In the South Jersey suburbs, people are turning to gardening to relieve lock-down boredom and produce the fresh food that is in short supply in local stores. But what can you do in an impoverished city that is already classed as a food desert and that suffers from flooding, soil contamination and other gardening hazards? C.R.O.P.S., a nonprofit founded four years ago by Paige Vaccaro, has come up with a novel answer: ready-made container gardens, free for pickup from community garden sites.
When the lockdown began, Vaccaro was worried it would mean the end of the community gardens’ spring growing season, as well as plans for organizing farmers’ markets. C.R.O.P.S. had been planning a fundraising event that was supposed to happen on Earth Day. It was cancelled. It seemed like all C.R.O.P.S.’ plans for expanding its Atlantic City community gardens and holding pop-up farmers’ markets would be postponed. Then, later in March, the U.S. Department of Homeland Security declared agriculture an essential industry and Rutgers University compiled guidelines for community gardens and farmers’ markets.
“As much as I always knew in my heart this work is important, to hear it called essential and to think of it that way was a real huge shift for me,” said Vaccaro. “Of course, I wanted to give people food, that’s my first and foremost concern,” she said. “But I wanted to do the gardening part too. Everybody needs that right now. So I was like, if we can’t do it together, why not have them take it home?”
Since the start of April, C.R.O.P.S. has given away more than 80 pots of kale, collards, spinach, lettuce and more. Popsicle sticks in the pots describe the plant and its care, while sticks in the community gardens’ big raised beds help passersby know what is ready to pick and what needs more time to grow. With just a few posts on Instagram, C.R.O.P.S. received donations of soil, containers and cash that helped buy more items.
The community garden on North Pennsylvania Ave has been open for almost a year. It is called the Sister Jean’s garden, because it sits in the churchyard of an empty church that will be the future home of Sister Jean’s Soup Kitchen (an Atlantic City institution previously operating from the Tourism District that was shuttered by city officials last year.) The garden is unfenced and right on the sidewalk of a main thoroughfare from some of the city’s housing projects to the beach and boardwalk, or the stores on Atlantic Avenue. Vaccaro said that now most passersby she sees are wearing masks, so she can invite them into the garden if they keep their distance, but she is working on signs to make the rules public, and limit the garden to one family at a time. C.R.O.P.S. has similar gardens at Atlantic City’s Venice Park as well as outside Covenant House, but these area fenced, which makes it easier to meet the pandemic distancing rules while gardening, even if it makes the food distribution part harder.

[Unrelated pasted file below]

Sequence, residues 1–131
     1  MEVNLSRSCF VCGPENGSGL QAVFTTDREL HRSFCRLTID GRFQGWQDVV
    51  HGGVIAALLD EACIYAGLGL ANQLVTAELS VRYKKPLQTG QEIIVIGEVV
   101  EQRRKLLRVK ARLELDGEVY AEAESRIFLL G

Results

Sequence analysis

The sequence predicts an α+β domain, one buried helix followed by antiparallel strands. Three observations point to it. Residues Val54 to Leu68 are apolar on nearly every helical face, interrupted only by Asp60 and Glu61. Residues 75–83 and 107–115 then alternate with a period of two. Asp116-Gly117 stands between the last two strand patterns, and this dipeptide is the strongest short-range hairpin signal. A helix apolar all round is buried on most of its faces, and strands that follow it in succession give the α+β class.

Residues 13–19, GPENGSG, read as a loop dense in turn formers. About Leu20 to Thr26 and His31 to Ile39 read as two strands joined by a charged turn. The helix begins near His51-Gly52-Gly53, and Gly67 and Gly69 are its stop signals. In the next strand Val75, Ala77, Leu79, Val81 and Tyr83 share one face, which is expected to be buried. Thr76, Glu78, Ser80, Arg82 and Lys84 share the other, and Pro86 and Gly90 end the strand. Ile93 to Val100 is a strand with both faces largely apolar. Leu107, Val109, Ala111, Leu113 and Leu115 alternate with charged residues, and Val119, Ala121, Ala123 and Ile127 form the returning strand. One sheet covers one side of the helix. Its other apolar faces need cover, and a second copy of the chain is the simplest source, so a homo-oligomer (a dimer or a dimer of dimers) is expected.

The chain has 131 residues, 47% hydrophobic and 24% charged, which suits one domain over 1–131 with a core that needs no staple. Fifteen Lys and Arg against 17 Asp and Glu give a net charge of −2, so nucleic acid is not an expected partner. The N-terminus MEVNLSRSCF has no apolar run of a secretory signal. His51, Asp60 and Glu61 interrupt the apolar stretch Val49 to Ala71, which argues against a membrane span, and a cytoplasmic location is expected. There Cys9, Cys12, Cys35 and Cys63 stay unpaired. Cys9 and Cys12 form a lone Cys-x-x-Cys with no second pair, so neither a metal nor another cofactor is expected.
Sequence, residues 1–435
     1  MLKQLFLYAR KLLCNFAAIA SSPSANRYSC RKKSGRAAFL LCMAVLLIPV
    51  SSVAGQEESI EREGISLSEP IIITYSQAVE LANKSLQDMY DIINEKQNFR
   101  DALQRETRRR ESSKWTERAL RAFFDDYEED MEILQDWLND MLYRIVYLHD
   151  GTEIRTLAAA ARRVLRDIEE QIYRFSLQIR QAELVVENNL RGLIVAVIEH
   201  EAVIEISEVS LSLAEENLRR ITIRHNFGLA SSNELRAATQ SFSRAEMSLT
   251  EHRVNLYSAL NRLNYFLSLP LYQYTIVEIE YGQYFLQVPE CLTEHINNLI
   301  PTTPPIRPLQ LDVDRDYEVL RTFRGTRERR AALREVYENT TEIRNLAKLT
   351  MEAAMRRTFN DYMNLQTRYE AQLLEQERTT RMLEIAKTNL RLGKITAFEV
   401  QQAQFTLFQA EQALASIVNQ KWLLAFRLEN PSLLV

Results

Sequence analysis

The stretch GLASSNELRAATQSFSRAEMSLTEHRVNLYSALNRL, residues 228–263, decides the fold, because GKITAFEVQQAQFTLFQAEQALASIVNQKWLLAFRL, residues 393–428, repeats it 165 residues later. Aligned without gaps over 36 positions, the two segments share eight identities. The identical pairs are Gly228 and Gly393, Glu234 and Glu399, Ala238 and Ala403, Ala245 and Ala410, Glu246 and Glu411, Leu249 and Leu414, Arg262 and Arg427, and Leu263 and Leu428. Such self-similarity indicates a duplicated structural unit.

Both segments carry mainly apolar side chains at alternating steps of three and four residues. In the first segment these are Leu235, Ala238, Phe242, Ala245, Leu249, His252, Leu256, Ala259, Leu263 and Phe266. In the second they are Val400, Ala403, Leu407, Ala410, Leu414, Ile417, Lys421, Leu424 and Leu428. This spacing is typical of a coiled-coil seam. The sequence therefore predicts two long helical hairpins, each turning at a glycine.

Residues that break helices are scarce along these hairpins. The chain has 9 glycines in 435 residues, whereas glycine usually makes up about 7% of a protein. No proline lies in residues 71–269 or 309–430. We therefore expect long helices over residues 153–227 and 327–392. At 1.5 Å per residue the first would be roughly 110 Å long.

Vaccaro and the C.R.O.P.S. board are also working on ways to hold their farmers markets during the pandemic. The markets are allowed to open as essential businesses under COVID-19 guidelines, but rules on physical distancing create payment and other logistical challenges. C.R.O.P.S. is working with Edible Jersey Magazine, which is piloting a web-based order system to help connect farms and visitors for online produce sales that would result in a curbside pickup at the market location. Vaccaro said she is hoping to get final sign off shortly to open a market like this in Linwood’s Central Square, as well as on Tennessee Ave in Atlantic City. An added bonus is that C.R.O.P.S. recently got approval to accept SNAP benefits as payment at its markets. The C.R.O.P.S. markets would also qualify for the Double Up Food Bucks program, which doubles the value of food stamps spent on fresh produce.
C.R.O.P.S. just received a $5,000 fiscal sponsorship from Orsted, which will go toward expanding its garden programs in AC and paying interns to tend them, as well for for more container garden giveaways. If you would like to support C.R.O.P.S., donations of containers, soil, seeds and money are gratefully received (you can find out how to contact C.R.O.P.S. via their website, Instagram or Facebook). Vaccaro said she would also like help making connections with casino managers and others organizing food drives right now, so that she can help get food produced by local farmers onto the tables of furloughed casino employees and other workers.